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Review
, 19 (9)

Inflammation Models of Depression in Rodents: Relevance to Psychotropic Drug Discovery

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Review

Inflammation Models of Depression in Rodents: Relevance to Psychotropic Drug Discovery

Jennifer L Remus et al. Int J Neuropsychopharmacol.

Abstract

Inflammation and depression are closely inter-related; inflammation induces symptoms of depression and, conversely, depressed mood and stress favor an inflammatory phenotype. The mechanisms that mediate the ability of inflammation to induce symptoms of depression are intensively studied at the preclinical level. This review discusses how it has been possible to build animal models of inflammation-induced depression based on clinical data and to explore critical mechanisms downstream of inflammation. Namely, we focus on the ability of inflammation to increase the activity of the tryptophan-degrading enzyme, indoleamine 2,3 dioxygenase, which leads to the production of kynurenine and downstream neuroactive metabolites. By acting on glutamatergic neurotransmission, these neuroactive metabolites play a key role in the development of depression-like behaviors. An important outcome of the preclinical research on inflammation-induced depression is the identification of potential novel targets for antidepressant treatments, which include targeting the kynurenine system and production of downstream metabolites, altering transport of kynurenine into the brain, and modulating glutamatergic transmission.

Keywords: Depression; glutamate; indoleamine 2,3-dioxygenase; inflammation; quinolinic acid.

Figures

Figure 1.
Figure 1.
Schematic timeline of lipopolysaccharide (LPS) model of depression. LPS administration increases peripheral cytokines and leads to sickness behaviors, including lack of movement and decrease in food and water intake. Around 24 hours postinjection, rodents begin eating and moving similarly to control animals as their sickness behaviors have resolved. Proinflammatory cytokines will cause an elevation of indoleamine 2,3 dioxygenase (IDO) 24 hours after LPS injection. During the same time that IDO is elevated, animals will be anhedonic and spend more time immobile in the forced swim test.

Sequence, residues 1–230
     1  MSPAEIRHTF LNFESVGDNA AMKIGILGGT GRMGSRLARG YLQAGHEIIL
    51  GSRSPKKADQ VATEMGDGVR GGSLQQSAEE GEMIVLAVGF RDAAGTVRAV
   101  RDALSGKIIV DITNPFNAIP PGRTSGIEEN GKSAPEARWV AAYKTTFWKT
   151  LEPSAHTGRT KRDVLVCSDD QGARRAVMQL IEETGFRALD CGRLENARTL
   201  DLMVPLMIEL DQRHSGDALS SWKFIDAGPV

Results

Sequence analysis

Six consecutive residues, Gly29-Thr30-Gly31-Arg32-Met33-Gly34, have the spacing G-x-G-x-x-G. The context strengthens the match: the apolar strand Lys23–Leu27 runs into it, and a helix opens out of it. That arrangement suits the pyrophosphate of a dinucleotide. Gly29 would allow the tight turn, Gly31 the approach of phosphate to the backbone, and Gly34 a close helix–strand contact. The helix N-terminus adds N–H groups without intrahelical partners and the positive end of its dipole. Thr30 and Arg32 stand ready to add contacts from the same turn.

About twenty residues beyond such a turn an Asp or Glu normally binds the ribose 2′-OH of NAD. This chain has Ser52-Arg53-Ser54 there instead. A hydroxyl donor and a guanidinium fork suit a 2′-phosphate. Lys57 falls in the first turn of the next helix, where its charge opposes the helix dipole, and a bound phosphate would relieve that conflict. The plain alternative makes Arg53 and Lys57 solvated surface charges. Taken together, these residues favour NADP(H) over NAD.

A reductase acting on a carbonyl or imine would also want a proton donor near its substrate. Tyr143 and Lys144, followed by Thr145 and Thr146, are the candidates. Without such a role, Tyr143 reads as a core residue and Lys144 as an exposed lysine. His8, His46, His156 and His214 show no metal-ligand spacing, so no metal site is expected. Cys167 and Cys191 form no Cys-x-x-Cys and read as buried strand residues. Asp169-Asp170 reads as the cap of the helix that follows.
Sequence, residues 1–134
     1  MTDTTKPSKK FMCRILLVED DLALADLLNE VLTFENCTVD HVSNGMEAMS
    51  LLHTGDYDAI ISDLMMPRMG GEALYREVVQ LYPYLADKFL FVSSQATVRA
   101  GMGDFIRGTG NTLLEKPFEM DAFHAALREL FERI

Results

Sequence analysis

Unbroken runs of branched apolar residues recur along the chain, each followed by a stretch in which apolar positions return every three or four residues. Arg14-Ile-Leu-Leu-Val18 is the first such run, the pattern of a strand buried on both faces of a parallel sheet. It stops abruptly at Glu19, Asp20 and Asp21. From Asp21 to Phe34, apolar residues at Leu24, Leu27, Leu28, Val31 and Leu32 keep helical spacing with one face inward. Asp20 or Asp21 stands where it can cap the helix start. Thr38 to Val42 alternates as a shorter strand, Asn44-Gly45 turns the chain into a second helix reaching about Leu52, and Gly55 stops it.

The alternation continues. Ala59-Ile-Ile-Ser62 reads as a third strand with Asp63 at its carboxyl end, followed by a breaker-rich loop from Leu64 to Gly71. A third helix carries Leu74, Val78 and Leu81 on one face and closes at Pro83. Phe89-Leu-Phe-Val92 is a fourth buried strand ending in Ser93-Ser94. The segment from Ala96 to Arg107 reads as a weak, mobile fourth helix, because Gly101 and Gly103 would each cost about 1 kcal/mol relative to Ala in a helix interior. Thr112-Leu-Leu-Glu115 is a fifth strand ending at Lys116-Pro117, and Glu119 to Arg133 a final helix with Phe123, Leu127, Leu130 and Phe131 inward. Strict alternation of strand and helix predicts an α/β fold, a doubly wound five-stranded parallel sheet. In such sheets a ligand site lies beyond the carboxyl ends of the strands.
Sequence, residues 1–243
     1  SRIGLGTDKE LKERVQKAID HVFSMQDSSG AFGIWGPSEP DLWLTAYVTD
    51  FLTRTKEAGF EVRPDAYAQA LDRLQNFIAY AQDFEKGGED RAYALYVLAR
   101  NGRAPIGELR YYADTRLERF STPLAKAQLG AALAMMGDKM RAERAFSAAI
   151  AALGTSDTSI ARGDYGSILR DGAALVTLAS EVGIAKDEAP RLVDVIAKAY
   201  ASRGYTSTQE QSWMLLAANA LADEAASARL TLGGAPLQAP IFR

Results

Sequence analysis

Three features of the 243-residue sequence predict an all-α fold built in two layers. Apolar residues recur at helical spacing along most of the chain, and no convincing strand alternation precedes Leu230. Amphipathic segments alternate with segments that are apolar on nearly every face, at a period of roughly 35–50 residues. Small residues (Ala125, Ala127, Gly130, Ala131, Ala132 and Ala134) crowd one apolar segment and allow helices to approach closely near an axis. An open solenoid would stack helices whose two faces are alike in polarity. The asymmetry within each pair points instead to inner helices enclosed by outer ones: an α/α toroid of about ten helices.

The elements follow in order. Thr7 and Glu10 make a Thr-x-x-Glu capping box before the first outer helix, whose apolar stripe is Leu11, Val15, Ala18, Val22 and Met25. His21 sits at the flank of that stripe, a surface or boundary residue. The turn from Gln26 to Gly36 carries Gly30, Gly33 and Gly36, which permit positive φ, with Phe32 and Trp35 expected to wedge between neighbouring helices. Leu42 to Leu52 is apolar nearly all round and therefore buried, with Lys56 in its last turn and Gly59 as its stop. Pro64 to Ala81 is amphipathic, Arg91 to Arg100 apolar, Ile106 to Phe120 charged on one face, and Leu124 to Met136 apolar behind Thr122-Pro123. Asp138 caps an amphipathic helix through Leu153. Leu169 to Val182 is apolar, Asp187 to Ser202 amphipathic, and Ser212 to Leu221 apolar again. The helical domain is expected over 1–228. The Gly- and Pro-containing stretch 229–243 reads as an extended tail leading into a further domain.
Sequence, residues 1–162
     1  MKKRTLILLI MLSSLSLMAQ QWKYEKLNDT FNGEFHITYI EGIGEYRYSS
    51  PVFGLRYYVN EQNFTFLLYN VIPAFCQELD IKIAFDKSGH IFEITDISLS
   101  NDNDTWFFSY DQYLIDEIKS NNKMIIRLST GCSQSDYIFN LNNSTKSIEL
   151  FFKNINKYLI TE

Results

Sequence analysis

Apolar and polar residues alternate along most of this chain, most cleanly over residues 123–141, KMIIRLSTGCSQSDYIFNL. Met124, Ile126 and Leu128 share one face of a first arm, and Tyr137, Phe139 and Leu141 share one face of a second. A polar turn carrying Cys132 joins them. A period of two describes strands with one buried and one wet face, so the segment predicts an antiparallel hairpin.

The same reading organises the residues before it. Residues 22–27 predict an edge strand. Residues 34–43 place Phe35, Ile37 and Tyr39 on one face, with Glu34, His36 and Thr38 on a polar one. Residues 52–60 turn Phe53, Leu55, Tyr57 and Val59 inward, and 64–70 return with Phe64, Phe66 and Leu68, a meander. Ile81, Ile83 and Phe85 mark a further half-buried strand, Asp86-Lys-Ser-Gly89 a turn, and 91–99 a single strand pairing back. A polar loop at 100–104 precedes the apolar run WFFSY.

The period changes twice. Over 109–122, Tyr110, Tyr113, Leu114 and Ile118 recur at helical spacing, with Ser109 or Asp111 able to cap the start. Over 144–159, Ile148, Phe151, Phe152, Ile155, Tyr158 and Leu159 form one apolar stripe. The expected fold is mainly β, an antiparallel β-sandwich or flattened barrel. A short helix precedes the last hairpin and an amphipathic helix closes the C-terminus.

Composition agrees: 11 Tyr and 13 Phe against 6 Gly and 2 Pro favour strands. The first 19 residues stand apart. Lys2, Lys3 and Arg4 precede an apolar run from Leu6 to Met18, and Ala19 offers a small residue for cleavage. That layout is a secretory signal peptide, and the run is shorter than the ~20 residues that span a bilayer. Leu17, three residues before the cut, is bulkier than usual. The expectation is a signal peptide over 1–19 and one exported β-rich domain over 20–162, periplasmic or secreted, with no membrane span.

Figure 2.
Figure 2.
Simplified tryptophan metabolism by the kynurenine pathway. Tryptophan is most commonly metabolized into kynurenine via one of two enzymes: indoleamine 2,3 dioxygenase (IDO) or tryptophan 2,3, dioxygenase. Kynurenine can be further broken down into a variety of metabolites that are neuroactive, including 3-hydroxykynurenine (3HK), quinolinic acid, and kynurenic acid. The conversion from 3-hydroxyanthranillic acid to quinolinic acid, represented by a dashed line, requires 2 reactions. The first is an enzymatic and the other is nonenzymatic. Alternatively, tryptophan can also produce serotonin.
Figure 3.
Figure 3.
Possible therapeutic interventions for lipopolysaccharide (LPS)-induced model of depression. This figure demonstrates several possible therapeutic targets (green circles with red font) in our LPS-induced model of depression. One potential antidepressant route would be to block the production of kynurenine by administering inhibitors of indoleamine 2,3 dioxygenase (IDO), such as 1-methyl tryptophan. Downstream kynurenine metabolites are damaging to neurons, and therapies that inhibit their production would also be effective. For example, kynurenine 3-monoxygenase (KMO) inhibitors may be used to decrease 3-hydroxykynurenine (3-HK) or quinolinic acid production. As the majority of kynurenine in the brain is transported from the periphery, a reasonable intervention would be to prevent the transport of kynurenine. Tryptophan and kynurenine are both transported into the brain by L-type amino acid transporter. L-type amino acid transporter has a high affinity for leucine, and leucine administration could result in a decrease in kynurenine transport and thereby reduce downstream kynurenine metabolites in the brain. Lastly, upon activation microglia can release glutamate and inhibit the uptake of glutamate by astrocytes that can cause excessive glutamatergic activity. This excessive glutamatergic activity can lead to excitotoxicity or an increase in oxidative damage. Administration of inhibitors to prevent the release of glutamate from microglia would reduce glutamate receptor activation and possibly prevent depressive-like behaviors. Likewise, LPS and quinolinic acid can interfere with glutamate uptake in astrocytes. The use of riluzole has been demonstrated to increase astrocyte uptake of glutamate, and block glutamate release. GLT-1, glutamate transporter; TLR, Toll-Like Receptor.

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